Thus, the trick is developing systems that isolate the risks posed by unknown technologies – allowing lots of tests, lots of failures, but at the same time lots of successes. I would pose that this will come about not through the meticulous analysis and care currently given to each component of a mission, but through a way to make them cheaper and dirtier.  

With their powers combined….

While looking at the job market for mechanical engineers during my senior year, I often lamented that nobody did cool purely mechanical things anymore. Back in the day, my complaint went, mechanical engineers came up with brilliantly clever things like Reuleaux mechanisms and farther back in time, world changing things like clocks and trebuchets. Now, mechanical engineers, rather than building the exciting thing, design the box that holds the box that routes the wires that run the subsystem of the exciting thing.  (Admittedly, 2010 was an especially abysmal year for mechanical engineering job prospects in general.)

 To me it seemed like all the impactful projects were pure software – simply leveraging computers teach some old hardware new tricks. Self-driving cars come to mind as something that I would have pulled up as an example.

 Thinking about my previous mindset today, I realize how naïve it was.  Purely mechanical projects are clever, but not optimal – it’s basically doing it the long, hard, expensive way just so you can say you did.  However, pure software is similarly limited.

 In the past few years, I’ve had to learn to use a lot of old hardware for jobs that weren’t in mind when it was built. What I had missed as an undergrad (well, one thing of many) was that a new configuration of old hardware for a new purpose is just as novel as a clever mechanism designed from scratch. Thus, I was totally wrong about self-driving cars. The trick is the hybridization of innovations from both soft and hard fronts – new software running on new hardware configurations.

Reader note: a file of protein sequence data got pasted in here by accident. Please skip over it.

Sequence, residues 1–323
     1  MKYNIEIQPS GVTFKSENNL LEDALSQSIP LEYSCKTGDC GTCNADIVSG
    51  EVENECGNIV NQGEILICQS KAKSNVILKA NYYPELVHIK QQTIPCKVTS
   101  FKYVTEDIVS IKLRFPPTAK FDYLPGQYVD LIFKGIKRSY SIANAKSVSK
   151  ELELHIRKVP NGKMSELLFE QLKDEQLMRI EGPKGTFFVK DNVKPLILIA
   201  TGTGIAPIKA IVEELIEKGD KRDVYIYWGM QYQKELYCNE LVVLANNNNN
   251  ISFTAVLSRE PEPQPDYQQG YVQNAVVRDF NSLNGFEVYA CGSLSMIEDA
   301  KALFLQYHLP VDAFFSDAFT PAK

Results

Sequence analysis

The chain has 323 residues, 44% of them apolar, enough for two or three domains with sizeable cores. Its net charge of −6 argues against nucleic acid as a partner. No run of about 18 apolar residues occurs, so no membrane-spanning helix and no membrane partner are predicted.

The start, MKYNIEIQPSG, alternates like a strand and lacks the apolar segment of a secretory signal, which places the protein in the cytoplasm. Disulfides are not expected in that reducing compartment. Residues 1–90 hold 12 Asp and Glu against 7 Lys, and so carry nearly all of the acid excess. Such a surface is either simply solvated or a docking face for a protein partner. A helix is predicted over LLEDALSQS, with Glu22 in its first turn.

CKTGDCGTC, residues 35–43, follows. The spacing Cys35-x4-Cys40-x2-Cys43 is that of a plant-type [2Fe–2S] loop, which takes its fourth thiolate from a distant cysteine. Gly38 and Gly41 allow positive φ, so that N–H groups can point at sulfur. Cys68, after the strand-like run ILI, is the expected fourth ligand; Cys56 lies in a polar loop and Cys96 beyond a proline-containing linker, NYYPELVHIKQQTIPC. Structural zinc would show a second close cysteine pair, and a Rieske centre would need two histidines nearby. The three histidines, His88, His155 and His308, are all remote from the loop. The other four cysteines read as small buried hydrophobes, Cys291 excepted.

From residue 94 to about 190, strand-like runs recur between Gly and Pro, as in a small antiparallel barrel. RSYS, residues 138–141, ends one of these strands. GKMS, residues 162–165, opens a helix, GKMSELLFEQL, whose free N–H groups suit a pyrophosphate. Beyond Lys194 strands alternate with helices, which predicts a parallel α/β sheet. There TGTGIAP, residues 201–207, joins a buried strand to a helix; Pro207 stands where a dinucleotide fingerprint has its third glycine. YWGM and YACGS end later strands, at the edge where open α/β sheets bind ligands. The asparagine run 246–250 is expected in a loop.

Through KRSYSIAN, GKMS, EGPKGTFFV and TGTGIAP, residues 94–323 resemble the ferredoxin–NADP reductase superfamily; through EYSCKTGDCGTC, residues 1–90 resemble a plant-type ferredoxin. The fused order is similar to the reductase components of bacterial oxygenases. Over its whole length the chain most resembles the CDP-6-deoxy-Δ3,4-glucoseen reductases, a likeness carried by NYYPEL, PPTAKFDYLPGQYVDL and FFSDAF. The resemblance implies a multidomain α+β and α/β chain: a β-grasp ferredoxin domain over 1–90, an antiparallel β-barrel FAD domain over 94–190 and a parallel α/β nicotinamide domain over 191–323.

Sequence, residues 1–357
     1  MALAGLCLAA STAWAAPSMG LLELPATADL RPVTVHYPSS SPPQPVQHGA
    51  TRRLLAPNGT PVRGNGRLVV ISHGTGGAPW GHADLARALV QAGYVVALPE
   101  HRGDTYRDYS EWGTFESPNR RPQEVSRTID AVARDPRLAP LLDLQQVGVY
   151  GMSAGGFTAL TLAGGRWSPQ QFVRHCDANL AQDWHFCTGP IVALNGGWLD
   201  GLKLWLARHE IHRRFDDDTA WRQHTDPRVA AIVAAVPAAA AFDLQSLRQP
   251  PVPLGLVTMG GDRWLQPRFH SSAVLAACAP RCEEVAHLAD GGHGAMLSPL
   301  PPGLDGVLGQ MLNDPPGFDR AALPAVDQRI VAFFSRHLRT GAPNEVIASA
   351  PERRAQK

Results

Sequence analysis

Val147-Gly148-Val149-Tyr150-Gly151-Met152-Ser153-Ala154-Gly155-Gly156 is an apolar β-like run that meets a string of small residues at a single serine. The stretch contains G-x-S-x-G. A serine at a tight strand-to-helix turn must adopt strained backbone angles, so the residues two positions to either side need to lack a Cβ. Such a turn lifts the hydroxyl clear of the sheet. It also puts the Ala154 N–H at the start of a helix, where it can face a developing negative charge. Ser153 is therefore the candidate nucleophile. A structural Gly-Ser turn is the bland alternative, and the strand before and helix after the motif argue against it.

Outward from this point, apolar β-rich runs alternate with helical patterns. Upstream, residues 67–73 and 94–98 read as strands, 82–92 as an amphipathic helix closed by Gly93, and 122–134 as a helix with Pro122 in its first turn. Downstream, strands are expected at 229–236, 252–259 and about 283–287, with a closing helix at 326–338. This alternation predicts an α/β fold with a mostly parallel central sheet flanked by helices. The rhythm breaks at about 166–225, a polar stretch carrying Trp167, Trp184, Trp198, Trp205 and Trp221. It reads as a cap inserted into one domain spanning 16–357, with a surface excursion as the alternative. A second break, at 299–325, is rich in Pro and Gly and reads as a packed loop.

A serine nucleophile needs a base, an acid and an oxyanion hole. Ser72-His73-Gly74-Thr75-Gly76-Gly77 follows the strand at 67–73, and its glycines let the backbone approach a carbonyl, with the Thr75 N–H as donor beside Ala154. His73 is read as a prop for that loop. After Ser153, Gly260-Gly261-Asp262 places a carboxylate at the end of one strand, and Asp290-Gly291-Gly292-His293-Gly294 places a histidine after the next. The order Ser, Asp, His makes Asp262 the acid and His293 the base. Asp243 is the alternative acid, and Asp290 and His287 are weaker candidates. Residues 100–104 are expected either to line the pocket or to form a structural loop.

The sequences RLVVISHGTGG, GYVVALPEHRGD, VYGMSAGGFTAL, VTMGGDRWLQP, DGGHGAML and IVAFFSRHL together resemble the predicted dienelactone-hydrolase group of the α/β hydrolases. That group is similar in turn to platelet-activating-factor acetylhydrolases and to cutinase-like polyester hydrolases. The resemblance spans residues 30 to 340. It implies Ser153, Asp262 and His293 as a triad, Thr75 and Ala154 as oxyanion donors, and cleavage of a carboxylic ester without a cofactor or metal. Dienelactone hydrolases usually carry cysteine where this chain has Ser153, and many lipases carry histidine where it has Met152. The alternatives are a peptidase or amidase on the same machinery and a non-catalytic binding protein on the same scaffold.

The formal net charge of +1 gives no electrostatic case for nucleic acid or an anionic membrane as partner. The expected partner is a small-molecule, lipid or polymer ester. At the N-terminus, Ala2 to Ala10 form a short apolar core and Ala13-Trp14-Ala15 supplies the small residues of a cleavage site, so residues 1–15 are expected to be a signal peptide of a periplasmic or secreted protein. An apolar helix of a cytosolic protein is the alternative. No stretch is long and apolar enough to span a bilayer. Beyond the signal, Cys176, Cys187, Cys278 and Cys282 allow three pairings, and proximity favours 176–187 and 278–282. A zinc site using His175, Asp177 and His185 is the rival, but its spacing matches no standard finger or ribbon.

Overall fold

“But Ben, that’s just robotics.” Yeah ok, it took me a long time to come around to it.

 I’m especially excited about the possibilities of the two-prong approach to space – with the absurd computing power now available to us (even while running redundant programs to mitigate radiation) new spacecraft hardware can perform many tasks that were unthinkable years ago.  In short, space + robotics = possibility ++, even for manned space exploration!

 The slight incoherency of this post brought to you by 3 hours of sleep and the letter T for travel.